In 2015, LSRCA researchers began monitoring wildlife road mortality at nine sites in the watershed to measure the severity of the issue. On one stretch of road, over a 13-week period, researchers tallied the deaths of 39 turtles, 21 frogs, 8 snakes, 12 birds and 13 small mammals. This amounts to over 8 animals killed per week, per kilometre of road. When extrapolated across all wildlife collision hotspots in the Lake Simcoe watershed, we estimate that tens of thousands of animals are killed along our roads each week during the active seasons (spring and fall).
Our monitoring work confirms we have a problem. LSRCA’s “ecopassage” pilot project designs and installs five ecopassages at key collision hotspots and monitors their effectiveness at reducing roadkill. We anticipate the end result to be a “how to” manual that road agencies can use to install their own ecopassages when undertaking routine road maintenance or building new roads in identified hotspots.
Below is a section of road before and after installation of a wildlife ecopassage. A driver along the road would not necessarily even know that it exists. The fencing directs wildlife away from roads and towards underground culverts or bridges to safely cross the road.
Artificial nests (mounds of sand and gravel) were also installed at the sites to provide a safe place for females to lay their eggs without needing to cross the road.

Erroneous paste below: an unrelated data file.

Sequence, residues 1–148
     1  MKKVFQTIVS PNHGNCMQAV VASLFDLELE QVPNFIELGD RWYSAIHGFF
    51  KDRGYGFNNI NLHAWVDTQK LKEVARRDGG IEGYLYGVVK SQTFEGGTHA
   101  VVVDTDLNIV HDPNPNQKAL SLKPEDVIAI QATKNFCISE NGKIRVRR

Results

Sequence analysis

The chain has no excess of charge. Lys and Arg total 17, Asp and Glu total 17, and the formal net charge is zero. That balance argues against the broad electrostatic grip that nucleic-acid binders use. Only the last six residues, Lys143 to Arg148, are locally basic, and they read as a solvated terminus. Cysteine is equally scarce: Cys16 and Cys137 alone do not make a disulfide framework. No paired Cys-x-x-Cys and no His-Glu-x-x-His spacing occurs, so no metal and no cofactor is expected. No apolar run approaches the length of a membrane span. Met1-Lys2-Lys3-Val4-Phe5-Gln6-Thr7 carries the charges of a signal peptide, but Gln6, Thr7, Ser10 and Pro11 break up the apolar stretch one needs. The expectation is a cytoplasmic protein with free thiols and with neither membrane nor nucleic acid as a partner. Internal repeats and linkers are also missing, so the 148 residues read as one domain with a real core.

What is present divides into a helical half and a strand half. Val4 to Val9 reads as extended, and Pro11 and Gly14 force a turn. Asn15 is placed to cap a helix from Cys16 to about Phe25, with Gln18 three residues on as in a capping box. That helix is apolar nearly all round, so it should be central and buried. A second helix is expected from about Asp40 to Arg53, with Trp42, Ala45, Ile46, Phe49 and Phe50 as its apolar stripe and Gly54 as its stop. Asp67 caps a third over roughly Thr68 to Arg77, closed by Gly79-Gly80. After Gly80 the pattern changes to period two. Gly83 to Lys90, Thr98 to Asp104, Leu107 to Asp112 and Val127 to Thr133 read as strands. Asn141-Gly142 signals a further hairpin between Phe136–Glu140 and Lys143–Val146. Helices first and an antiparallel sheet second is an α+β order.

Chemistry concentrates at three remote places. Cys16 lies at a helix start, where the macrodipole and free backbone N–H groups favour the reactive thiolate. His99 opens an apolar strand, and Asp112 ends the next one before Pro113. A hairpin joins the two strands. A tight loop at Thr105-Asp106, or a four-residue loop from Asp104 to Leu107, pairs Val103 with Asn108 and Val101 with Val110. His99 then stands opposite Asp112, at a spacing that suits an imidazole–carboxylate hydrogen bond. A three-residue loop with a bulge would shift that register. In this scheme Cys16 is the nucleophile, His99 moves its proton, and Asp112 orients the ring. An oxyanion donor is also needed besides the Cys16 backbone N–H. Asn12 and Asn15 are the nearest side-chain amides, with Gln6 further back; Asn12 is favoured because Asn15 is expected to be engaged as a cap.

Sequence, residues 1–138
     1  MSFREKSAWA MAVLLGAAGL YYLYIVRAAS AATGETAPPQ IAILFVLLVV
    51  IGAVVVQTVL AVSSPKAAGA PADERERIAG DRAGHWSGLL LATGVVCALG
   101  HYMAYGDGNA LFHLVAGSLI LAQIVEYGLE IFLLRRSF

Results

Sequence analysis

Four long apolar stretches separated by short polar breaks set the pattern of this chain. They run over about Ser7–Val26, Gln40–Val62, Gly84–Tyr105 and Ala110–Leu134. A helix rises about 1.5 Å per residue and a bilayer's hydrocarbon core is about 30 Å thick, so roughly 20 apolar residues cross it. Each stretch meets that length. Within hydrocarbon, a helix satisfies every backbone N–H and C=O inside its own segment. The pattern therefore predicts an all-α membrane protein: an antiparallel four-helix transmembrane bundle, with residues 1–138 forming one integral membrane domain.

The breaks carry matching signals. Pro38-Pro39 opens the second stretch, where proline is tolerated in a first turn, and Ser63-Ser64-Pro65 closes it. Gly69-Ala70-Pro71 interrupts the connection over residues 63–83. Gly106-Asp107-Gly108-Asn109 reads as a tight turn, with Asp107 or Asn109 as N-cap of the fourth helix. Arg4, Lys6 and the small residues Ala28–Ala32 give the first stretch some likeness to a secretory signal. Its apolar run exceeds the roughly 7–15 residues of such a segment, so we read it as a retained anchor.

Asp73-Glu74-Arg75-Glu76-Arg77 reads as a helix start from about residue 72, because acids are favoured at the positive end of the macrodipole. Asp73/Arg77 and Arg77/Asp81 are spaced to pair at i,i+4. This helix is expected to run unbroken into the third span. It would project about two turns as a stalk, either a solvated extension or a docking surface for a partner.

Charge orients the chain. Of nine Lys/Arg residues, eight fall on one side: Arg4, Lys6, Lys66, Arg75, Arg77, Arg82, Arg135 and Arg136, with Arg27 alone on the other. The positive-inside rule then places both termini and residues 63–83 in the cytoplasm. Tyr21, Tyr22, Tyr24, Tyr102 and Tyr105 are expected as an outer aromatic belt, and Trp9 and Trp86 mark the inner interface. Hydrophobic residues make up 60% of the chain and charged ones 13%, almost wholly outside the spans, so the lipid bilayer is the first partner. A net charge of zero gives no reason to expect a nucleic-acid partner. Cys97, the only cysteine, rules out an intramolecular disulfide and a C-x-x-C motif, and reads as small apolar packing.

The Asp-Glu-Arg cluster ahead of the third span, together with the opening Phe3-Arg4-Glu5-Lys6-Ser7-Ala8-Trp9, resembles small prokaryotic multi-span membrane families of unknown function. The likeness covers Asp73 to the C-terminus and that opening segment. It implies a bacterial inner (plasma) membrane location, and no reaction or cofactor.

After one season of monitoring, the results are promising, with a 67% decrease in turtle road mortality at the test sites since the fencing has been installed. This is compared to no significant change at the control sites. We have also found evidence of female turtles using the nesting structures to lay their eggs in the spring.
Wildlife Ecopassage Locations
We will continue to monitor ecopassages throughout the fall of 2016 and into spring 2017 to assess their effectiveness at reducing wildlife road mortality. We hope to expand the project into other areas of the watershed.
We are also working with municipalities and road agencies to educate them on the benefits of ecopassages. Providing wildlife passage options over or under roads, along with fencing to direct wildlife, is critically important when new roads are constructed, particularly in potential hotspot areas. On existing roads, we are encouraging the installation of ecopassages during scheduled road construction.
How You Can Help Turtles
Watch for turtles on the road - especially in spring and fall when they are moving around through their different habitats. Watch for turtle crossing signs and slow down when driving through natural areas.
Help them across the road – if safe to do so - make sure to always help them in the direction they are already going, or they might just cross back over the road again. If a female is actively laying eggs on a roadway, leave her alone since any attention will stress her and affect her nesting behaviour.
Never hold a turtle by the tail - This is part of their spine and will cause them grave injury. Instead, hold a turtle firmly by the back of its shell, or use an object such as your car mat, or a box or shovel to carefully help them cross the road.
Be particularly careful with snapping turtles - they don’t know that you’re helping them and will try and protect themselves by biting or scratching you. Report your turtle sightings – report sightings to
Ontario Nature or download their app. You can also report any injured turtles to the Kawartha Turtle Trauma Centre (705-741-5000) or to Scales Nature Park in Oro-Medonte (705-327-2808).
Share what you’ve learned with others - word of mouth is a powerful tool and together we can all make the roads safer for turtles.